Painted bas relief in Palenque (Photo: George Scheper)
The Maya, Aztec, and Inka are the best-known of ancient American civilizations. The Aztec and the Inca flourished late in the pre-Columbian era on the eve of Spanish contact, but the Maya arose as a distinct civilization more than 2,000 years ago. During the Classic period, from about 300 to 900 A.D., the Maya had a fully developed writing system, partly hieroglyphic and partly phonetic. The Maya are still very much with us today, living in Central America, the United States, and elsewhere.
The famous breaking of the Mayan code in the late 20th century revolutionized the study of these peoples and of ancient America. Humanities scholar George Scheper examines how interdisciplinary study of the Maya extends beyond the traditional archaeological focus to comprise political and social history, art, comparative religion, and ecology.
9:30–10:45 a.m. Romancing the Maya
The Maya have become a fixture of popular culture through museum exhibits, tourism, television documentaries and films, New Age spirituality, and the Mayan calendar doomsday myth of 2012. Scheper offers an anthropological look at modern romanticized versions of Mayan culture, contrasting them with what systematic study has revealed, especially in light of new scientific techniques applied to Mayan archaeology.
11 a.m.–12:15 p.m. The Dawn of the Maya
Fanciful speculations aside, the origins of Mayan civilization reveal a cultural evolution from a well-established foundation laid down by older Mesoamerican cultures, notably the Olmec. Identifying the rich Mayan culture that developed about 2,000 years ago as Preclassic gives the misleading impression that there was something preliminary or unfulfilled about it. But it was a fully developed cultural moment, which was followed by what is known as Classic Maya civilization.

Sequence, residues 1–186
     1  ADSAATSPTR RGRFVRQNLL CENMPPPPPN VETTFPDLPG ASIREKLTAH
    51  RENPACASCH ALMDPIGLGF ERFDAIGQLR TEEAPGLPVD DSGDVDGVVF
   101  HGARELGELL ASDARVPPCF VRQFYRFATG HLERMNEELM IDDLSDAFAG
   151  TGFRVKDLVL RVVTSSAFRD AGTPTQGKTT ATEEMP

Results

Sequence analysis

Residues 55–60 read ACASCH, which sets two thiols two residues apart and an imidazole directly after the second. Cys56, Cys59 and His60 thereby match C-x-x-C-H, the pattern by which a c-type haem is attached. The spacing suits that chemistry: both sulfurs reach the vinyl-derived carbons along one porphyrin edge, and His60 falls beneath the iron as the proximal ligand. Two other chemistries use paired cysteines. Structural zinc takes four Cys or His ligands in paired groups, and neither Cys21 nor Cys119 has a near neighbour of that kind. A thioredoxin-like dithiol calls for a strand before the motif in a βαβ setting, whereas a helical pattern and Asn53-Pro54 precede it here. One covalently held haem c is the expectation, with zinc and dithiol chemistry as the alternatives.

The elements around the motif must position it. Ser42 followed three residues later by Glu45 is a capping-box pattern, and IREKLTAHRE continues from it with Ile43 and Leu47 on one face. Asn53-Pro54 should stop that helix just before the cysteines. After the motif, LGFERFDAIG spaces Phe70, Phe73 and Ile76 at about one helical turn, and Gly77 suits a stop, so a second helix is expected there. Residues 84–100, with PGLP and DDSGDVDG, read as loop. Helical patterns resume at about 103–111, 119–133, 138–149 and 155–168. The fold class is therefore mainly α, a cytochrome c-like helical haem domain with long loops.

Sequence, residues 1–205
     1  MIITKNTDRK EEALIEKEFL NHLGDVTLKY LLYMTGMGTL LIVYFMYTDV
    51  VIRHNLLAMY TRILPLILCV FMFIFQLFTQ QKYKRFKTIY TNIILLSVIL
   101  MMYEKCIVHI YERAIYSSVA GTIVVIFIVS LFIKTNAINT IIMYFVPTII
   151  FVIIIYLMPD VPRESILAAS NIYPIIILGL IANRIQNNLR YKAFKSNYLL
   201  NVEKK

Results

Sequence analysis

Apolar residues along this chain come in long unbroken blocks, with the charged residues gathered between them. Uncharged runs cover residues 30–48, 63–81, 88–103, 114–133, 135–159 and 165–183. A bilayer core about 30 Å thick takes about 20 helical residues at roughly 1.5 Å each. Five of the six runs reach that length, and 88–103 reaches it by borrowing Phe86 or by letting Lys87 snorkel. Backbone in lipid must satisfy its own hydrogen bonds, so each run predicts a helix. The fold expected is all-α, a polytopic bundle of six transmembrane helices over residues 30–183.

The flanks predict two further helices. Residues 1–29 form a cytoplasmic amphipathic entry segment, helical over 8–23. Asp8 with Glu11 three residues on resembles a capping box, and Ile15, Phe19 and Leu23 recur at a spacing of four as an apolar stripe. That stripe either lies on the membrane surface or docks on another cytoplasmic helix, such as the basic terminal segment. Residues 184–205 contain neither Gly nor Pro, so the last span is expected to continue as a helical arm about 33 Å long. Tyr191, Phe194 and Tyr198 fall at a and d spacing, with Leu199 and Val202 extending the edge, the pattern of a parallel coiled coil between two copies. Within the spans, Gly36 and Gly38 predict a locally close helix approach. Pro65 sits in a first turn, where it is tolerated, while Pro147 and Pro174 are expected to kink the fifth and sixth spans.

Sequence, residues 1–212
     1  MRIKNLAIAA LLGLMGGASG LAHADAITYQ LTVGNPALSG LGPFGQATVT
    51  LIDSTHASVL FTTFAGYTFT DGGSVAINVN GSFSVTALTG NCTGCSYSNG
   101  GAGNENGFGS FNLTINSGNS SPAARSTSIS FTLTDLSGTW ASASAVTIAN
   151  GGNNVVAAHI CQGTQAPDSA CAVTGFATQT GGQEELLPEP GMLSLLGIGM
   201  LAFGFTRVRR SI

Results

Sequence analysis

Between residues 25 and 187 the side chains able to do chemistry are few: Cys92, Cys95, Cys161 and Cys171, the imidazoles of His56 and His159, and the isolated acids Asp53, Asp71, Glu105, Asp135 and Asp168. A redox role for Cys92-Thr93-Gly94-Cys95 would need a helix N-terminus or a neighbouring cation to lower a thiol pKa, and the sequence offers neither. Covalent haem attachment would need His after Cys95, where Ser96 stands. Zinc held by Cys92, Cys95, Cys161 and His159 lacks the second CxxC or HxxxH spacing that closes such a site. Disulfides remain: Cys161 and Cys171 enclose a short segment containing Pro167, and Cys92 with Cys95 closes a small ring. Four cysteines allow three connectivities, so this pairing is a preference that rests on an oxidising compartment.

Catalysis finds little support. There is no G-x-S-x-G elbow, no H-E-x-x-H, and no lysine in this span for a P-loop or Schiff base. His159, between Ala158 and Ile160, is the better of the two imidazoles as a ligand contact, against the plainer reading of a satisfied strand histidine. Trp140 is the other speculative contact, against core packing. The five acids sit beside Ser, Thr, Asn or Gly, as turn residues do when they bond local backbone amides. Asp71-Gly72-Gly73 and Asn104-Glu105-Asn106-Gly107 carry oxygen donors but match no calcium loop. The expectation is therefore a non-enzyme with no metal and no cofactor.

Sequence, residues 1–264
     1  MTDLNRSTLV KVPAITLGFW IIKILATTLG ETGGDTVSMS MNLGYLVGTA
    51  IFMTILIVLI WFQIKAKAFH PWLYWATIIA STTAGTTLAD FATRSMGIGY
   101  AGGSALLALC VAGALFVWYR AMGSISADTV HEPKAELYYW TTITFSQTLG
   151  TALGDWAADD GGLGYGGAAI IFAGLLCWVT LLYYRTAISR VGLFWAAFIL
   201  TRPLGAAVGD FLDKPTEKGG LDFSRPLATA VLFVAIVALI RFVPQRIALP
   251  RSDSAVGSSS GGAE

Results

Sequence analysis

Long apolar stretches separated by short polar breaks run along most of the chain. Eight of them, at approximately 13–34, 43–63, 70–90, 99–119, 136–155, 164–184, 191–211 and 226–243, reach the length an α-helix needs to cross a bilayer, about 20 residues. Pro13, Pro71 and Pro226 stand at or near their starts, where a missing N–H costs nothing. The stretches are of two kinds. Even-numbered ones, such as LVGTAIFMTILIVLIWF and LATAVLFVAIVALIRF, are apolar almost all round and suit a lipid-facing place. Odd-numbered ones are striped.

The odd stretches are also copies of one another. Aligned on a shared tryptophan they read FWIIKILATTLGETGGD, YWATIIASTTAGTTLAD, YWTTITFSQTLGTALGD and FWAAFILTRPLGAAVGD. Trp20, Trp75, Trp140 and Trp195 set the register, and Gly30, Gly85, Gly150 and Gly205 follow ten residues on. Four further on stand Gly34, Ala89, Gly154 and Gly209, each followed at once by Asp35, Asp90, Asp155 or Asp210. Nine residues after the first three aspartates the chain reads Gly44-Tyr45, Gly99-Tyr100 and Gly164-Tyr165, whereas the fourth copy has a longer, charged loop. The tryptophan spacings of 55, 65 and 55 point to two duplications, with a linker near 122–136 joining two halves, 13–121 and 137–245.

12:15–1:30 p.m. Lunch (participants provide their own)
1:30–2:45 p.m. Splendors of the Classic Maya
Classic Maya civilization flowered in the form of the rise, and eventual fall, of a network of interconnected city-states, each with its own storied dynasties of ruling elites and court culture. The relations among these city-states ran the gamut from rivals to allies and from subordinates to enemies. Their interactions involved trade, warfare, treaties, diplomacy, and civic and religious ceremonies. Scheper reviews the period through the histories of the city-states Copan, Tikal, and Palenque and the mythic narratives of the 16th-century Mayan book, Popol Vuh.
3–4:15 p.m. The Maya in Modern History and Today
The Spanish conquest of the Maya over the 16th and 17th centuries was not a singular decisive event, and it could be argued that it was not a conquest at all, as Mayan survivalism ensured the continuity of the culture to the present time. Modern Mayan history is a story of colonization and resistance, and of cultural revivals striving to maintain a place in an increasingly globalized world culture and economy. Today’s folk cultures in Guatemala, Yucatan, and Chiapas reflect a fascinating blend of Western Christian elements and Mayan traditionalist practices.
Scheper is a senior lecturer in Johns Hopkins University’s advanced academic programs and a former director of the Odyssey Lifelong Learning Program.
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